0
\$\begingroup\$
  • As part of a hobbyist construction of an Arduino Uno voltmeter, I used a potential divider of 10K ohms and 470K ohms to step down the voltage to a level which the Arduino Uno analog pin can sense (0-5V). Then, the limit of the permissible detectable voltage would be 0-240V, I want to know if there are any precautions that I should be wary of before implementing this.

  • Also, for an Arduino Uno Ammeter, I tried extending the above idea, of introducing a small series element of resistance into the path whose current is to be determined. Now, using the above idea, making two voltage measurements (using the same circuitry) on either side of the test resistor, we can calculate the current by

I = (V1/480K) + (V2/480K) + (V1-V2)/r

where r -> test resistance.

  • Lastly, for an AC Voltmeter, I was thinking to do the usual AC to DC conversion using bridge rectification followed by filtering it with a suitable capacitor, and then followed by stepping down the DC level (as in 1. above) and then feeding it to the Arduino. Could someone guide me as to any yardsticks/limitations of my idea?

Here, too, I would like to know any drawbacks of my idea, or any guidelines I should be following. Also, I am not bent on getting some specific specs, I would also be happy if I could get t detect some range of current as well. I am concerned whether the Arduino has enough resolution to detect such small voltage differences, especially when its (0-1023) corresponds strictly to (0-5V). I would also apologize for any wrong notions and would be glad to be corrected.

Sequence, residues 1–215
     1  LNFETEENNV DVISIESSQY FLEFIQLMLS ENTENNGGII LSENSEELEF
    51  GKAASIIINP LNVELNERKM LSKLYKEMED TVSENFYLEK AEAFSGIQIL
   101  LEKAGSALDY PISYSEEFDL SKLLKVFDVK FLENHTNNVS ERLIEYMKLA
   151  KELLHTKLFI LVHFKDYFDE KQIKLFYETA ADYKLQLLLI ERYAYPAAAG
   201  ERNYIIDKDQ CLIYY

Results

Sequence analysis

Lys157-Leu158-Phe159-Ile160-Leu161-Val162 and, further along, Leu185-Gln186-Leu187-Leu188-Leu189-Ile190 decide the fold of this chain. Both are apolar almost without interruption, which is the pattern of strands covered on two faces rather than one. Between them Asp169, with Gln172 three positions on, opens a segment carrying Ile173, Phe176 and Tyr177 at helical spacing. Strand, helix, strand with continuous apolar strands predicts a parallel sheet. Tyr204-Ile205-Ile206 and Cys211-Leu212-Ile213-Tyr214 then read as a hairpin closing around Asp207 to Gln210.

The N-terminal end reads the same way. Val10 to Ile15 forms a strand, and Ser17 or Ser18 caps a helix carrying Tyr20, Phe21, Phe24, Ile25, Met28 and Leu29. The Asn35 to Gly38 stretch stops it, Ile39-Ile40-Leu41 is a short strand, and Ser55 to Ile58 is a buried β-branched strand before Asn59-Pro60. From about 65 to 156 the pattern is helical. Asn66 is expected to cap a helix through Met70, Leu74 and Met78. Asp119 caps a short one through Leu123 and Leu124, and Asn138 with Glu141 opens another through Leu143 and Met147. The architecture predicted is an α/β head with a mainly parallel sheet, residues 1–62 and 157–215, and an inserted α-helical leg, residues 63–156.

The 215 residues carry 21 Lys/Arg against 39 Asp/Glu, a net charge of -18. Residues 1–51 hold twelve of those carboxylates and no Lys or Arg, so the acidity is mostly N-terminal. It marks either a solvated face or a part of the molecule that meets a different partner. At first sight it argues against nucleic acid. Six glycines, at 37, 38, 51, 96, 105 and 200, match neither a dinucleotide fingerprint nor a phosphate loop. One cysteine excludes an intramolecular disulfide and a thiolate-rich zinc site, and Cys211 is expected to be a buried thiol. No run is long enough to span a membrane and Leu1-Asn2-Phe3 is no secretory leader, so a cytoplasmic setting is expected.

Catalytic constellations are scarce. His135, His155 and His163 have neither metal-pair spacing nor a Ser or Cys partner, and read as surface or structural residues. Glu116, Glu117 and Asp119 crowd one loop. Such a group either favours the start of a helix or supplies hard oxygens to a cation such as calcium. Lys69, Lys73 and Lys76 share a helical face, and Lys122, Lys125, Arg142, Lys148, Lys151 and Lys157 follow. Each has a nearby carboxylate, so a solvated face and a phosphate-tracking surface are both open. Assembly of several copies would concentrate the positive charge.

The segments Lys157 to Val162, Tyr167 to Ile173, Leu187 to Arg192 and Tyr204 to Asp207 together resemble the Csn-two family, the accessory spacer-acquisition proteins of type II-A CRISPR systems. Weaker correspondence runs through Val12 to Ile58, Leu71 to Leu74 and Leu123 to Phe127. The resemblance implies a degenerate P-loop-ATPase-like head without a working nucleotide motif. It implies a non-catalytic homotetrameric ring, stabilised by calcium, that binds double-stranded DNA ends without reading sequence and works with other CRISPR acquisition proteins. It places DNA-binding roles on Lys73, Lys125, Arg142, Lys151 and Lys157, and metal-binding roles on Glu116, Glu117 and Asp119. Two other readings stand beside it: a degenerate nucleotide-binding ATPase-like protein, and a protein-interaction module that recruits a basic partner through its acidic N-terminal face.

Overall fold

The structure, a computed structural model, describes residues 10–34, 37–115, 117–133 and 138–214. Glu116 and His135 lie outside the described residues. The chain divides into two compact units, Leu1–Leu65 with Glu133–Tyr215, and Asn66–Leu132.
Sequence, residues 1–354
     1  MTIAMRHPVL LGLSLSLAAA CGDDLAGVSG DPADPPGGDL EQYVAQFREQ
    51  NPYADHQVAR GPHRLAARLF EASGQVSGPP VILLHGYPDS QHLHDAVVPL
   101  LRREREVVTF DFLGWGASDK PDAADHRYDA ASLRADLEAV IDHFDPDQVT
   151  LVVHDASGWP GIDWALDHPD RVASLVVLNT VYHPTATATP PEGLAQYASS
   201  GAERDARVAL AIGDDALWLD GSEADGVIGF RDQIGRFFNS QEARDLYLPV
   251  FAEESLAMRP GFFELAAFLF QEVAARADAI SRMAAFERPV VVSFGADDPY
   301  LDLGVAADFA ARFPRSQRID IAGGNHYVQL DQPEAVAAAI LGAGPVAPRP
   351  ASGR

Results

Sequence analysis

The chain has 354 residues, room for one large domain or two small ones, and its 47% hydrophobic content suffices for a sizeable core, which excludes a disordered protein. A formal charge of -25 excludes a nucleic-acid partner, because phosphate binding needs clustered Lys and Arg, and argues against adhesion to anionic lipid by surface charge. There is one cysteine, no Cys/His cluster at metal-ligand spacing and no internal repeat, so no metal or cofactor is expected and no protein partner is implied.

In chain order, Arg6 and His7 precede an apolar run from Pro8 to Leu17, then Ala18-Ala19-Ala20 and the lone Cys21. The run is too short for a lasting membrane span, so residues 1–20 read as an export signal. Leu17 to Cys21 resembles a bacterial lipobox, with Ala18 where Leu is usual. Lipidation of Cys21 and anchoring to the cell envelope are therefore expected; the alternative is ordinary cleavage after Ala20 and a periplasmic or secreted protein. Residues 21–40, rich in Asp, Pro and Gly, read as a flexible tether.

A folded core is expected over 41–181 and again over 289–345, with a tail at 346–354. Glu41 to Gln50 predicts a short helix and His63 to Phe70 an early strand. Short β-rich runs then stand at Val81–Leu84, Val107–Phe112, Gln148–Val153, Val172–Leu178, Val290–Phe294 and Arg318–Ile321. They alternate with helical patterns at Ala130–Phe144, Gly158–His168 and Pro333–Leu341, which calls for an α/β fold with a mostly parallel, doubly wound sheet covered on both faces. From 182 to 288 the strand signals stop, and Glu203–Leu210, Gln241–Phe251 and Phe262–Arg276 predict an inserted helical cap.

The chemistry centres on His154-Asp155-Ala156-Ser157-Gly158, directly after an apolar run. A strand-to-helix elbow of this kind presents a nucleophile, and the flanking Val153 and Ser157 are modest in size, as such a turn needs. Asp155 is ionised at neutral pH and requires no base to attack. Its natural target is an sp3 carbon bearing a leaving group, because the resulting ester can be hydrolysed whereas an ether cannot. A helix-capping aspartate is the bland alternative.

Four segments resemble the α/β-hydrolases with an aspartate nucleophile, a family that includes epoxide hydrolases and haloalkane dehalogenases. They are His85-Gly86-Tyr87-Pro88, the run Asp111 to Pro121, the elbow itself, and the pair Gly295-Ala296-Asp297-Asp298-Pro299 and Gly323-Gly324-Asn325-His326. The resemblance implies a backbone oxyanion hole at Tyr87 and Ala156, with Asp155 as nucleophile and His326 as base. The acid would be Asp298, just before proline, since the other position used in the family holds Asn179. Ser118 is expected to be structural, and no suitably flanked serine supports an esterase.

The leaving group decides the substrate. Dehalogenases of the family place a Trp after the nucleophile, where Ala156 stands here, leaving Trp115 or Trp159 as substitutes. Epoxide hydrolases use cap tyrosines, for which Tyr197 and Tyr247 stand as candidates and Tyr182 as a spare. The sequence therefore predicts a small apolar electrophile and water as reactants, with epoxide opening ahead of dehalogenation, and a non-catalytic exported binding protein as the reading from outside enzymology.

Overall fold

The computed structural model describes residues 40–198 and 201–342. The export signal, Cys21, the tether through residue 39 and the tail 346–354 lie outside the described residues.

\$\endgroup\$
1
\$\begingroup\$

One thing to bear in mind:

240V IS DEADLY - USE EXTREME CAUTION

If you are thinking of directly sampling mains voltages, DON'T! (unless you know what you are doing, in which case why are you asking questions here?)

Sampling a range of 0-240V with a 12-bit ADC is not really ideal. You get 0.23v per bit, and as you can usually count the LSB as noise, that is effectively about half a volt resolution. Not really enough to sense anything meaningful from a small current shunt. It'll be like "troll counting" - none, one, lots, many.

\$\endgroup\$
11
  • \$\begingroup\$ Thanks a lot sir. I will probably limit the specifications of the DC Voltmeter to maybe 100V or even lesser. Should that do? \$\endgroup\$ Jun 21 '14 at 13:17
  • \$\begingroup\$ And is the current shunt pertaining to the Ammeter portion? I had the same doubt about the resolution. Do you have any aliter ideas for meaningful current sensing, sir? \$\endgroup\$ Jun 21 '14 at 13:18
  • \$\begingroup\$ If you limit to a lower voltage, like 60V, there are specific "high side" current shunt amplifier chips that take all the headache out of it for you. \$\endgroup\$
    – Majenko
    Jun 21 '14 at 13:26
  • \$\begingroup\$ You mean to say the Arduino would be ineffective for this? :| \$\endgroup\$ Jun 21 '14 at 13:48
  • \$\begingroup\$ No, I mean to say the current shunt amplifier would connect to a high side shunt with no need of voltage dividers and amplify the small voltage across the shunt to a 0-5V signal for you referenced to your ground, which the Arduino can read easily and get good high resolution values from. \$\endgroup\$
    – Majenko
    Jun 21 '14 at 13:49
1
\$\begingroup\$

Use a current transformer (like that used in a AC clamp meter). It is safer as it has galvanic isolation.

enter image description here

\$\endgroup\$
1
  • \$\begingroup\$ I see. Thanks a lot, sir. Won't it make it bulkier? \$\endgroup\$ Jun 21 '14 at 14:06

Your Answer

By clicking “Post Your Answer”, you agree to our terms of service, privacy policy and cookie policy

Not the answer you're looking for? Browse other questions tagged or ask your own question.